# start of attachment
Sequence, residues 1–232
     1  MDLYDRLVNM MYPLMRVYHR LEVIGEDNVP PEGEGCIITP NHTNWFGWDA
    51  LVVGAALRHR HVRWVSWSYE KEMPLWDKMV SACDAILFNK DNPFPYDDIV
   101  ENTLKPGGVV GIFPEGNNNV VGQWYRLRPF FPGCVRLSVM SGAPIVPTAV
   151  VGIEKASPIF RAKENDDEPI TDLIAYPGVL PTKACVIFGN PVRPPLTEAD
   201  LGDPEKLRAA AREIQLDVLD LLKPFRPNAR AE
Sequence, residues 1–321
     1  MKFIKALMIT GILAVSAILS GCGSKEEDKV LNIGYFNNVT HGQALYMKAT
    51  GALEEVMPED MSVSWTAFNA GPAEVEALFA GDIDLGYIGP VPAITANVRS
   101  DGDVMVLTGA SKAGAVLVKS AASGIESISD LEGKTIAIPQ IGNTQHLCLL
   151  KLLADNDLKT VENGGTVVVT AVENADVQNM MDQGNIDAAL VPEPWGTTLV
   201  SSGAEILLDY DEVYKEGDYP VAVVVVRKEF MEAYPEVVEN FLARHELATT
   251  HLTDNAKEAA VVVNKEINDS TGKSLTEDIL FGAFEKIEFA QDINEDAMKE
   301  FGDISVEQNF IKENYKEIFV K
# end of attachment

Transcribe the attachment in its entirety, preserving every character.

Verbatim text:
Sequence, residues 1–232
     1  MDLYDRLVNM MYPLMRVYHR LEVIGEDNVP PEGEGCIITP NHTNWFGWDA
    51  LVVGAALRHR HVRWVSWSYE KEMPLWDKMV SACDAILFNK DNPFPYDDIV
   101  ENTLKPGGVV GIFPEGNNNV VGQWYRLRPF FPGCVRLSVM SGAPIVPTAV
   151  VGIEKASPIF RAKENDDEPI TDLIAYPGVL PTKACVIFGN PVRPPLTEAD
   201  LGDPEKLRAA AREIQLDVLD LLKPFRPNAR AE
Sequence, residues 1–321
     1  MKFIKALMIT GILAVSAILS GCGSKEEDKV LNIGYFNNVT HGQALYMKAT
    51  GALEEVMPED MSVSWTAFNA GPAEVEALFA GDIDLGYIGP VPAITANVRS
   101  DGDVMVLTGA SKAGAVLVKS AASGIESISD LEGKTIAIPQ IGNTQHLCLL
   151  KLLADNDLKT VENGGTVVVT AVENADVQNM MDQGNIDAAL VPEPWGTTLV
   201  SSGAEILLDY DEVYKEGDYP VAVVVVRKEF MEAYPEVVEN FLARHELATT
   251  HLTDNAKEAA VVVNKEINDS TGKSLTEDIL FGAFEKIEFA QDINEDAMKE
   301  FGDISVEQNF IKENYKEIFV K